The shoulder is capable of allowing the wide range of movements as a result of the way it is formed. Basically, the shoulder joint consist of the round surface of the upper arm, called the humerus, connected to the flat surface of the shoulder blade, or scapula. This allows for a large amount of motion, but also requires tremendous stability from the surrounding soft tissues.

The primary muscles that provide this control are the rotator cuff muscles. The rotator cuff is a group of four muscles that cross the shoulder joint and hold the arm tightly onto the shoulder blade. When the arm is moved in any direction these muscles have to contract to hold the round surface of the humerus in place against the flat surface of the shoulder blade. When this happens it places a tremendous amount of strain on the rotator cuff muscles as well as the ligaments and other tissue of the shoulder joint, leading to shoulder pain and injury.

Every time you lift, push, pull, or carry anything with your arm the shoulder muscles must contract to stabilize the shoulder and protect it from injury. A small but constant contraction of the shoulder muscles is even required with something as simple as sitting in front of a computer, in order to hold the arm and shoulder in a proper position.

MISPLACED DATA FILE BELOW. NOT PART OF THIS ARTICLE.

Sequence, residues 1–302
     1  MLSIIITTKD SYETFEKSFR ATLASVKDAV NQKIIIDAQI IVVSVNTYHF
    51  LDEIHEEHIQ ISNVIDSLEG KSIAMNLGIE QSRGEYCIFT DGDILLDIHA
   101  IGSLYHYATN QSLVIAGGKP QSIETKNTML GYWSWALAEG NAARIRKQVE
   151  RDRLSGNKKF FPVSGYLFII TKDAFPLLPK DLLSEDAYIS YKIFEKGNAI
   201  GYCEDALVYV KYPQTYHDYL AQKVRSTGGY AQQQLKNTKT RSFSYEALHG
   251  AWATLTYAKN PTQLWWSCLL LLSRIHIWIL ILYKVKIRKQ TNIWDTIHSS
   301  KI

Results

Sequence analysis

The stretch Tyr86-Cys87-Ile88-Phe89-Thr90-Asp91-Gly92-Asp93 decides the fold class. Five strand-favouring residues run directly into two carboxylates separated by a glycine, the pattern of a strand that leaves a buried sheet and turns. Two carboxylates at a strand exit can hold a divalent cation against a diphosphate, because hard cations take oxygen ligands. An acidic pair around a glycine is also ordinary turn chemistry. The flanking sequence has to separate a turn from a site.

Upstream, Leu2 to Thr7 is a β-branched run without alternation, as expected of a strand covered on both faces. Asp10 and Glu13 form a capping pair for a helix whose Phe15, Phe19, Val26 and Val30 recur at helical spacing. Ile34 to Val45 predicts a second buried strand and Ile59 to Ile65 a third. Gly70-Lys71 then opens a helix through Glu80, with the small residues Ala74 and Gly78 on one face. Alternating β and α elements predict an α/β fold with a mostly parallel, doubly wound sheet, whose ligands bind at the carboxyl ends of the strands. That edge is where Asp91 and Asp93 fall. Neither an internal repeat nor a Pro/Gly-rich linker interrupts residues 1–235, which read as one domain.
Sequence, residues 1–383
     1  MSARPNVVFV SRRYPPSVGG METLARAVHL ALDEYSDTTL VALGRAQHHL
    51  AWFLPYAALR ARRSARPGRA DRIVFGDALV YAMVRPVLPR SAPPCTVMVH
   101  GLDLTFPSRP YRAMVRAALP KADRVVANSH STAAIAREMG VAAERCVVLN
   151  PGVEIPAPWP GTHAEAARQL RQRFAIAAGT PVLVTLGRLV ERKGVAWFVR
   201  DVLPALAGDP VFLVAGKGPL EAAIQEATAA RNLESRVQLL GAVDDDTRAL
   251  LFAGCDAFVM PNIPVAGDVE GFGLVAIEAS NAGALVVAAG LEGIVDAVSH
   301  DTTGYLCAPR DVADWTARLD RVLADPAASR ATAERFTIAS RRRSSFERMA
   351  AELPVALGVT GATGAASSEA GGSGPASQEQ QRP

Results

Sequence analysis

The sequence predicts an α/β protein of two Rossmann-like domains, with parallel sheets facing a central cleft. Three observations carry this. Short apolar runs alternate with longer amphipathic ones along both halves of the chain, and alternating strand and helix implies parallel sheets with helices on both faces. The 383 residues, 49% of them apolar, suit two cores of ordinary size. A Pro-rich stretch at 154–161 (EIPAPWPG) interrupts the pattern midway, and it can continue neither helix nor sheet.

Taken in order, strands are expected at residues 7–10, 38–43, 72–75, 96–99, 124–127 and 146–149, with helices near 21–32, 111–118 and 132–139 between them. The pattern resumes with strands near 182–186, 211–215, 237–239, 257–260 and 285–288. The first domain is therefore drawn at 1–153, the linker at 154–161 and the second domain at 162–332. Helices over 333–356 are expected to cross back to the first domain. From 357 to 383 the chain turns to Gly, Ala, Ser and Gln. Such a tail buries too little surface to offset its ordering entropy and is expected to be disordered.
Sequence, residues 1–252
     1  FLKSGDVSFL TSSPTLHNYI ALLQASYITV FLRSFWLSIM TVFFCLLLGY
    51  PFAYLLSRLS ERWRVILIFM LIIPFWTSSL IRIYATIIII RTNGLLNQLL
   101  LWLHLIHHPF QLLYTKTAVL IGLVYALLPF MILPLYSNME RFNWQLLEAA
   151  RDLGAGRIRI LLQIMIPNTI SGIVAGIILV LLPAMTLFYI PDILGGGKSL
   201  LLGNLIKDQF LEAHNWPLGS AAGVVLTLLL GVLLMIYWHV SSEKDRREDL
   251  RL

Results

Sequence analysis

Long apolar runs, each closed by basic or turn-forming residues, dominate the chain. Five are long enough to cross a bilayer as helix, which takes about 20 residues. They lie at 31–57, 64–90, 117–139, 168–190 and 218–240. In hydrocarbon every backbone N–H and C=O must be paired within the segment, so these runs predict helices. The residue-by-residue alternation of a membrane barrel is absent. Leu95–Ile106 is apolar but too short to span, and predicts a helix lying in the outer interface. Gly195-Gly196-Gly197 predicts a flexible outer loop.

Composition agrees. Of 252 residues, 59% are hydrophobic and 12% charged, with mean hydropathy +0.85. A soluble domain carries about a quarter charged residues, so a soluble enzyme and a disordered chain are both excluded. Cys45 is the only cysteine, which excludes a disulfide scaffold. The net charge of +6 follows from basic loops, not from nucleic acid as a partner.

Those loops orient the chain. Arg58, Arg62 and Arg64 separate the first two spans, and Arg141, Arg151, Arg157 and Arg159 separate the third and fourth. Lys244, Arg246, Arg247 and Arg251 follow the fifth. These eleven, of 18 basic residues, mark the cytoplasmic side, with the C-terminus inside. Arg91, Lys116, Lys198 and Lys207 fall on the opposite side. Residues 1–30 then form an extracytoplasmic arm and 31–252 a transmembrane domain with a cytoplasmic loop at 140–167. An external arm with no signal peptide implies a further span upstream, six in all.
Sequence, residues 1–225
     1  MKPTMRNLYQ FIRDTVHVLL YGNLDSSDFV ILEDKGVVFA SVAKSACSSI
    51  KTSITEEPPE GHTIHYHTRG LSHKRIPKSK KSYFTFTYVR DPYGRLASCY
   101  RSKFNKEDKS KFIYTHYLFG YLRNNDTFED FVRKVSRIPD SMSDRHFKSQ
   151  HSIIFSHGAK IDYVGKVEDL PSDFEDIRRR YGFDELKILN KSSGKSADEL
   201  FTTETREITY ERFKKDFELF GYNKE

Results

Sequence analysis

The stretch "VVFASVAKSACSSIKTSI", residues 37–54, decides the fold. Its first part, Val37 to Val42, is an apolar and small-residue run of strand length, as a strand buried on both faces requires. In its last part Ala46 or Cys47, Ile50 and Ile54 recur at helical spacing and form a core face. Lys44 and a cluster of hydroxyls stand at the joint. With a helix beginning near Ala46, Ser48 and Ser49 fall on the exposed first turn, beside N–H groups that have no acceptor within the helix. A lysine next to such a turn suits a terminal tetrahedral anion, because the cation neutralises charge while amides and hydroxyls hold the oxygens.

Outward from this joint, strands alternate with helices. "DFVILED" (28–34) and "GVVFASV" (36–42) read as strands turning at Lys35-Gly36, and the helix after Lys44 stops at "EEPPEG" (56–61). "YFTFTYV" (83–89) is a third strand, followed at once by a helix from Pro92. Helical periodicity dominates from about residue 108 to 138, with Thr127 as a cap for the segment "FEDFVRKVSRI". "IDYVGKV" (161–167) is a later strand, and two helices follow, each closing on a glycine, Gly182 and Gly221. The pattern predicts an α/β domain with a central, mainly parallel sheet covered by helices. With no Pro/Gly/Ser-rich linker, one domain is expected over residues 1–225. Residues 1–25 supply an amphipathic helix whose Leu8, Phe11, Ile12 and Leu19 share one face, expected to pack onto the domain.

In addition to high levels of muscle activity that is inherent in normal daily activities, many factors also place additional strain and work load on the shoulder muscles. For example, repetitive use with certain sports or occupants, poor posture, muscle imbalances, or previous injuries that may not have been fully treated or rehabilitated can further strain the muscles of the shoulder girdle.